Tequila Oil, By Hugh Thomson

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The Independent Culture

In 1979, the future writer and explorer Hugh Thomson – then a cocky and clueless 18-year-old punk – set out to drive a hulking 1972 Oldsmobile out of the US, down through Mexico, and into Belize.

This utterly beguiling book recaptures his meandering bid to make dough, grow up and act cool, on a journey without maps inspired by "long-dead writers of the 1930s" (Waugh, Greene, Lowry, Huxley).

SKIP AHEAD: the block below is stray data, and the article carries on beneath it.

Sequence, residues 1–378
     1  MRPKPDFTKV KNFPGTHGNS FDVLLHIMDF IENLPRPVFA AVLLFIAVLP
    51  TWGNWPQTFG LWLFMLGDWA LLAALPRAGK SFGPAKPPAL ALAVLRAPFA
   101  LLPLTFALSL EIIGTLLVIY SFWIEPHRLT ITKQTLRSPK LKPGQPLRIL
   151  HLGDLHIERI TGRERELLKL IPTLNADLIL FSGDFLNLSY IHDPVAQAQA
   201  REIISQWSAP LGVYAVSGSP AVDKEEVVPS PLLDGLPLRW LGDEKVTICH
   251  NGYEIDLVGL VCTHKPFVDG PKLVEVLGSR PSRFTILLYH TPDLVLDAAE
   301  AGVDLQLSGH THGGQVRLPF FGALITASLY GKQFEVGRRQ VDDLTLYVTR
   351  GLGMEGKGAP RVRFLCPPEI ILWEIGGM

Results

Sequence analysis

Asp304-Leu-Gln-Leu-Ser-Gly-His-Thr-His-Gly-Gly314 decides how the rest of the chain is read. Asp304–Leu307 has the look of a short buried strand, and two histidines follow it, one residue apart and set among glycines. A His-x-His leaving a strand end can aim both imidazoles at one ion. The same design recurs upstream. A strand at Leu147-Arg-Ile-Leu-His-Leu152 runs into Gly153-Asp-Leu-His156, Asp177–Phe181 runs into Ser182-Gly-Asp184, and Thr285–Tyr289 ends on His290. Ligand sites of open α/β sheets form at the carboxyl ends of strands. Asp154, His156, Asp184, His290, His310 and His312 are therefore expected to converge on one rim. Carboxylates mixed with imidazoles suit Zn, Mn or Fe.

Sour-sweet adventures take him from a sawmill in Durango to a golf-club in Cuernavaca and a brothel in Belize City. Beyond the high jinks and low dives, Thomson tells us a lot about the Mexican past of colonial conquest and revolution, with Pancho Villa and Cortes never far from the passenger seat.

A coda, 30 years later, sends him back to Belize, deep into Mayan history, and towards a mid-life acceptance that "the urge to keep travelling" still burns as bright as ever.